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Japanese for Dummies - Tennant R.

Tennant R. Japanese for Dummies - Wiley Publishing, 2002. - 15 p.
Download (direct link): japanesefordummies2002.pdf
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^ hashi (hah-shee; chopsticks): The pitch goes from high to low.
^ hashi (hah-shee; bridge): The pitch goes from low to high.
Okay, so they don’t sound terribly different. Rather than getting all bothered about pitch, just know that it exists and try as best you can to mimic the pronunciations on the CD.
Another interesting fact about pitch: The Japanese raise their overall pitch range when they speak to their superiors. So, to a boss, client, customer or teacher, people speak as if they are chirping birds, and to their friends, assistants, and family members, they speak using their normal pitch range. This is most noticeable among women. Female workers raise their pitch greatly when they deal with business customers. They don’t mean to scare their customers; they’re just trying to be super polite. Women also raise their pitch when they speak to young children, just to indicate a friendly attitude toward the little ones. A Japanese woman’s flattering high pitch in these contexts has a totally different tone of voice from the high pitch that she uses when she raises her pitch out of anger.
You Already Know a Little Japanese
Believe or not, you already know many Japanese words: Some are Japanese words that English borrowed and incorporated; others are English words used in Japan.
Japanese words in English
Do you love eating sushi? Do you practice karate? Do you hang out at karaoke bars? Even if you answered no to every question, you probably know what these words mean and that they come from Japanese, so you already know some Japanese.
16 Part I: Getting Started__________________________________________________________________________
One tip about pronunciation: Remember that there are no accented syllables in Japanese. So when you say sushi, don’t stress the first syllable. I know the English-speaker in you wants to do it, but don’t. Check out these words that traveled from Japan to become part of the English language:
hibachi (hee-bah-chee): portable charcoal stove
jOdO (jooo-dohh): Japanese martial art that redirects an attack back onto the attacker
karaoke (kah-rah-oh-keh): form of entertainment that involves singing to prerecorded music
karate (kah-rah-teh): Japanese form of self defense that relies on delivering quick, sharp blows with hands or feet
kimono (kee-moh-noh): robe with wide sleeves and a sash; traditional Japanese clothing for women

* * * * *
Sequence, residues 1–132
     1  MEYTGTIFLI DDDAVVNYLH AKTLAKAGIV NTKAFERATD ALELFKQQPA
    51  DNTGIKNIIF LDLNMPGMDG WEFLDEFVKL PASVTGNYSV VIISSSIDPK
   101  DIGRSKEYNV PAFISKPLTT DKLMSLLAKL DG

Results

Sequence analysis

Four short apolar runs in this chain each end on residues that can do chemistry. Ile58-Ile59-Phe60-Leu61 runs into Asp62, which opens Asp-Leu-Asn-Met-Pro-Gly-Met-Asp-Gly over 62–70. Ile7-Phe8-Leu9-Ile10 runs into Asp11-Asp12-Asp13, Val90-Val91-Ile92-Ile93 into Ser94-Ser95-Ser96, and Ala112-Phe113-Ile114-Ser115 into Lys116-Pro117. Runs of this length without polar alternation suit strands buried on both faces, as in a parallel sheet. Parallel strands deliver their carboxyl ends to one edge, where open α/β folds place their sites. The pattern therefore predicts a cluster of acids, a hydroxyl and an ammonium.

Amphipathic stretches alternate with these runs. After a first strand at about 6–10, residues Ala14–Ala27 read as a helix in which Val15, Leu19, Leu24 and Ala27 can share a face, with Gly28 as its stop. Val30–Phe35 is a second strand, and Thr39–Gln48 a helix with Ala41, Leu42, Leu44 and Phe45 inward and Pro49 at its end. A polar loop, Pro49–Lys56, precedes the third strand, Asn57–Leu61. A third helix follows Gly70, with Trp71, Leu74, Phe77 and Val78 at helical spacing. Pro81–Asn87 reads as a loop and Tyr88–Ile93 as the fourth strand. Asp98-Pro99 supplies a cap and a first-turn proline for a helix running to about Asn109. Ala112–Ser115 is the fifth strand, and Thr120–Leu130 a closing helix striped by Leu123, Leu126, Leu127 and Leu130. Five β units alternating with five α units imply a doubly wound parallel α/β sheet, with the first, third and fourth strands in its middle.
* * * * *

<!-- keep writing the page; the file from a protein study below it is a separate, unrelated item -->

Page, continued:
origami (oh-ree-gah-mee): the art of paper folding
sake (sah-keh): Japanese rice wine
samurai (sah-moo-rah-ee): professional warriors
sashimi (sah-shee-mee): sliced raw fish
sukiyaki (soo-kee-yah-kee): Japanese-style beef stew
sushi (soo-shee): rice ball with sliced raw fish on top
tsunami (tsoo-nah-mee): tidal wave
English words used in Japanese
A ton of English words have crossed the oceans to Japan, and the number is increasing quickly. You can use many English words in Japan, if you pronounce them with a heavy Japanese accent.
bSsudS kfiki (bahh-soo-dehh kehh-kee): birthday cake ^ jOsu (jooo-soo): juice ^ kamera (kah-meh-rah): camera ^ k6hi (kohh-heee): coffee ^ nekutai (neh-koo-tah-ee): necktie ^ pSt! (pahh-teee): party ^ rajio (rah-jee-oh): radio ^ resutoran (reh-soo-toh-rahn): restaurant ^ sutfiki (soo-tehh-kee): steak ^ sutoraiku (soo-toh-rah-ee-koo): strike
Chapter 1: You Already Know a Little Japanese 17
Puzzling English words in Japan
Some English words changed their meanings after they were assimilated into the Japanese language. Don't be puzzled when you hear these words:
^ Smart: Sumato (soo-mahh-toh) does not mean bright. It means skinny or thin in Japan.
Training pants: Toreningu pantsu (toh-rehh-neen-goo pahn-tsoo) are not for toddlers who are about to give up their diapers. They're gym pants, and adults also wear them.
^ Mansion: Manshon (mahn-shohn) is not a huge, gorgeous house. It's just a small, neat-looking condominium in Japan.
How many English words can you find in the following dialogue?
Talkin’ the Talk
Ken and Yoko are making plans for Michiko's birthday. They use a number of English-influenced words during their conversation.
Ken: Michiko no tanjdbi wa pati o shiyd.
mee-chee-koh noh tahn-johh-bee wa pahh-teee oh shee-yohh.
For Michiko's birthday, let's throw a party.
Ydko: Oke. Ja, watashi wa, basude keki o tsukuru ne.
ohh-kehh. jahh, wah-tah-shee wah, bahh-soo-dehh kehh-kee oh tsoo-koo-roo neh.
Okay. Then I will make a birthday cake.
Ken: Ja, boku wa kdhi to, jQsu o ydisuru.
jahh, boh-koo wah kohh-heee toh, jooo-soo oh yohh-ee-soo-roo.
Then I will prepare coffee and juice.
Ydko: Sorekara, kamera mo wasurenaide ne.
soh-reh-kah-rah, kah-meh-rah moh wa-soo-reh-nah-ee-deh neh.
And don't forget to bring the camera.
Part I: Getting Started
Keeping English company names in Japan
If you walk down the street in Japan, looking at the signs of companies, restaurants, stores, hotels, and galleries, you may be amazed that many of the names are completely English or a combination of Japanese and English.
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